By Jacky Wong
The next videogame console war is looming. Dragons may or may not be involved, but electronics and gaming conglomerate Sony looks well placed after another solid quarter.
The Japanese entertainment company's results for the quarter ended in September were impressive: its operating profit rose 14% from a year earlier, much better than the 31% decline expected by analysts polled by S&P Global Market Intelligence.
Sony has been cautious about coming quarters. The company's operating profit at its gaming division rose 65% from a year earlier for the six months ended in September, but growth will likely slow without the boost from stay-at-home gamers.
Initial costs for the launch of Sony's next-generation videogame console PlayStation 5, slated for next month, would eat into its margins. Its image-sensor business will also likely hurt by the ban restricting China's Huawei from buying semiconductor chips using U.S. technology. Citi estimates that Sony's sales to Huawei amounted to 290 billion yen, equivalent to $2.8 billion, last fiscal year, around 27% of the company's image-sensor revenue. Sony expected the division's operating profit will drop 66% this fiscal year compared with the last one.
Yet Sony's August guidance still looks too pessimistic after another great quarter: the company raised by 13% its operating profit forecast for the fiscal year ending next March. That sounds like a lot but may still be too cautious. PS5s will likely sell like hot cakes, which could also push game sales higher. More people are also buying games digitally, which means higher margins for Sony. PlayStation Plus, the company's subscription-based service offering gamers discounts and other perks, also saw growth.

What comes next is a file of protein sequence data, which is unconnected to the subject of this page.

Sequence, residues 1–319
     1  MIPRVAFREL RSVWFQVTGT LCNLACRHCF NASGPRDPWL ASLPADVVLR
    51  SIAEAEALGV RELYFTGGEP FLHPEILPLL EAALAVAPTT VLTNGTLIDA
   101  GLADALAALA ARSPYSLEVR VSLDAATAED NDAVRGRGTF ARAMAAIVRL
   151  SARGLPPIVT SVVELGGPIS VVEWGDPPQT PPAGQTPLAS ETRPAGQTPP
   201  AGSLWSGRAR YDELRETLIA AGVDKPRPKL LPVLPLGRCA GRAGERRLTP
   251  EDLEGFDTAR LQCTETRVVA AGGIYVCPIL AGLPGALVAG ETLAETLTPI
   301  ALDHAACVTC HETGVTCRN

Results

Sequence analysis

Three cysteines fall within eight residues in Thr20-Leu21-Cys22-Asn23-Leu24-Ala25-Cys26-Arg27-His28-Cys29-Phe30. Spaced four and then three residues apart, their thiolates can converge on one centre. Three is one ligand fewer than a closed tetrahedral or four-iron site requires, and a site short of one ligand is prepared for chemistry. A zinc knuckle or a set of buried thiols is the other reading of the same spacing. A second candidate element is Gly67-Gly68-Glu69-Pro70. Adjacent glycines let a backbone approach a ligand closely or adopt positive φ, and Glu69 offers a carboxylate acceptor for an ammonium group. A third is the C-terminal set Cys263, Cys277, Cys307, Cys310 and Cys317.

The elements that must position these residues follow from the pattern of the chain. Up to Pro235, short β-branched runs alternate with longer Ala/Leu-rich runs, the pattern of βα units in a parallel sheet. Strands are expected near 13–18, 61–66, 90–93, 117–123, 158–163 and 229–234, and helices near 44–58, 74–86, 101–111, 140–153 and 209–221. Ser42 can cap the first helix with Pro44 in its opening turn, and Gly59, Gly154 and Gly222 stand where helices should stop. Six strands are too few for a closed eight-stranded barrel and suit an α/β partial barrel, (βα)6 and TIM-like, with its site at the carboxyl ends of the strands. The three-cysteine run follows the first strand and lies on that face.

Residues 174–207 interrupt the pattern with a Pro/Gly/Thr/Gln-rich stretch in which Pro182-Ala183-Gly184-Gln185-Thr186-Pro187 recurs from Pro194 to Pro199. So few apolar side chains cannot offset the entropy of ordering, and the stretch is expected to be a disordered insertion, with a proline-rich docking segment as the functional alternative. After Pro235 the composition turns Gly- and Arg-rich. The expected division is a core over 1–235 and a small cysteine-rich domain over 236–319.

Sony will also get a boost from Aniplex, its anime and music production company in Japan. The company's mobile game "Fate/Grand Order" has been doing well. "Demon Slayer," an anime movie it helped distribute, had a record opening in Japan this month.
All this bodes well for Sony in the next stage of the console war. Both Microsoft and Sony will launch their next-generation consoles next month, for the first time in seven years. Other technology giants are also joining the fray: Google, Amazon.com and Facebook have all launched cloud-gaming services, hoping that users will play their games on any device.
That means having exclusive content could become even more important. That is why Microsoft agreed last month to pay $7.5 billion to buy ZeniMax Media, the parent of Bethesda Softworks, which owns popular games such as "Fallout" and "Doom." Sony likewise acquired a stake in Epic Games, the creator of "Fortnite," earlier this year, but it has to keep beefing up its content library.
Sony has played its game well so far. Whatever plot twists lie ahead, the company appears to be in a solid position to capitalize on them.
Write to Jacky Wong at JACKY.WONG@wsj.com
(END) Dow Jones Newswires